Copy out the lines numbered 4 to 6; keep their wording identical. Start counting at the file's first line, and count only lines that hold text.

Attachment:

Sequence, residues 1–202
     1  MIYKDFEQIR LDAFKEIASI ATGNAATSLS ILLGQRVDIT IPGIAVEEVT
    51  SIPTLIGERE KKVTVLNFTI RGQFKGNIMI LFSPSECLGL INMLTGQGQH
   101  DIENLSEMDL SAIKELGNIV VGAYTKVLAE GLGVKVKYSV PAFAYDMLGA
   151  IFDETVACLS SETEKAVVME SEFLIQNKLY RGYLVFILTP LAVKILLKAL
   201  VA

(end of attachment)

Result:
   101  DIENLSEMDL SAIKELGNIV VGAYTKVLAE GLGVKVKYSV PAFAYDMLGA
   151  IFDETVACLS SETEKAVVME SEFLIQNKLY RGYLVFILTP LAVKILLKAL
   201  VA